Everything You Always Wanted to Know About Filibuster Reform (but Were Afraid to Ask)

Democratic senators want to radically rewrite the rules to make it easier to vote on bills and nominees.


So Senate Democrats just want to do away with the filibuster, huh?

Not quite. But some Senate Democrats, including Majority Leader Harry Reid, say they'd like to change the rules in an attempt to speed up the flow of business in the Senate. Many liberals have taken to decrying a tyranny of the minority, and after two years of resisting serious changes, Reid is now talking them up.

Why are they so upset about this, anyway?

There are many long versions, and James Fallows has indefatigably catalogued the increasing dysfunction of Congress' upper house. For the shortest explanation, take a look at this chart, various versions of which have circulated:


That shows how frequently the Senate has been gummed up in recent years. Reid calculates that he's faced nearly 400 filibusters in his six years as majority leader. The problem, as critics see it, is that ever more matters are put to filibuster. It's not just bills -- it's even the question of whether to open debate on bills. In effect, a supermajority of 60 votes is now required to pass any bill that's all controversial; that's led to mindbending headlines like "Senate defeats Democrats' measure to kill off 'Big Oil' tax breaks, 51-47." Reformers say it's patently absurd; if the Framers had intended for all legislation to require a supermajority, they would have indicated it.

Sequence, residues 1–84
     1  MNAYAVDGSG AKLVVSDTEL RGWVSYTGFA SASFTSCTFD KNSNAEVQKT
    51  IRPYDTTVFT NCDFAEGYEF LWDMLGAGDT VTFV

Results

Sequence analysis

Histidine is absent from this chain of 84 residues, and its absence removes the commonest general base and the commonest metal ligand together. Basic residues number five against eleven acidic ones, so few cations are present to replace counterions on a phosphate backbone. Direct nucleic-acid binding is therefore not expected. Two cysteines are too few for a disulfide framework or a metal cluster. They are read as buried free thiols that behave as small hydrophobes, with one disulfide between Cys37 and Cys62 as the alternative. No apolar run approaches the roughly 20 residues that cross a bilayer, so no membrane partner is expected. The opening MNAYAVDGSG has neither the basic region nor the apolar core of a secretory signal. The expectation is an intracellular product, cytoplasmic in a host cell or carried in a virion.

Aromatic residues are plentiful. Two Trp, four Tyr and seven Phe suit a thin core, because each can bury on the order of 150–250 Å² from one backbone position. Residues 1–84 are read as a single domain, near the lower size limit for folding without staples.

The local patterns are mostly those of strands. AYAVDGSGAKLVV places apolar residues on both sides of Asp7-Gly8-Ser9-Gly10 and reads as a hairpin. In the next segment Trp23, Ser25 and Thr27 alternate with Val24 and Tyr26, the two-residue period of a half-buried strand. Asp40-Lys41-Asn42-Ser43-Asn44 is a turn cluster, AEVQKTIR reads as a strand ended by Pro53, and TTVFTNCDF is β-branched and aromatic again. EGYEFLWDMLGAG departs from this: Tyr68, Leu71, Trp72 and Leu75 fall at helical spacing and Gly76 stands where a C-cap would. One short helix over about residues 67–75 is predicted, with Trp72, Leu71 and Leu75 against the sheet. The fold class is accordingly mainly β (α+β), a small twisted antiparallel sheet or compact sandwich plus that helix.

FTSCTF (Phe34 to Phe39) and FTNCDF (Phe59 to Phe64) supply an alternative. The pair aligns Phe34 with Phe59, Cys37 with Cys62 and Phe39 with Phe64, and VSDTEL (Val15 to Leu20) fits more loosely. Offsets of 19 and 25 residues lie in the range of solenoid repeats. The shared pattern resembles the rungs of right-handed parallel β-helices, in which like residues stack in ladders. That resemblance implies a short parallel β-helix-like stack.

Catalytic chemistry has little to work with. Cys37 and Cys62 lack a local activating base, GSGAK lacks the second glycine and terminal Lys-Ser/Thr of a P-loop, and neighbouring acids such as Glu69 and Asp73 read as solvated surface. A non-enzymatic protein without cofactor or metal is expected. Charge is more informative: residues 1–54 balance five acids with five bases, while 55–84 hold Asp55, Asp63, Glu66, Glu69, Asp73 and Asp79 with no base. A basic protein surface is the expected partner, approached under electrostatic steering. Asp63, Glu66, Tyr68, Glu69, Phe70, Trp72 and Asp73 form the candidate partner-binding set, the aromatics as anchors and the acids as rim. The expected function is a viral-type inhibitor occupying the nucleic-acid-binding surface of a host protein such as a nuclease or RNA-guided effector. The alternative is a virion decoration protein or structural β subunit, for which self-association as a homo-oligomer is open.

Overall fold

And the result isn't just gridlock on bills. It also means that key posts subject to Senate confirmation go unfilled. Many Obama judicial nominees have been blocked from up-or-down votes -- not because there are specific objections to them, but because Senate Republicans refuse to allow votes or even debate on the nominations. Democrats did the same to nominees during the Bush Administration. Naturally enough, both parties are upset because they want their own nominees confirmed to lifetime appointments on the federal bench, but the hold-ups are leading to overworked judges, dependence on judges in their ninth and tenth decades, and a failure to provide speedy trials. Outside of the judicial system, the board of governors of the Federal Reserve has been short members for much of the time it has grappled with the worst financial crisis since the Great Depression.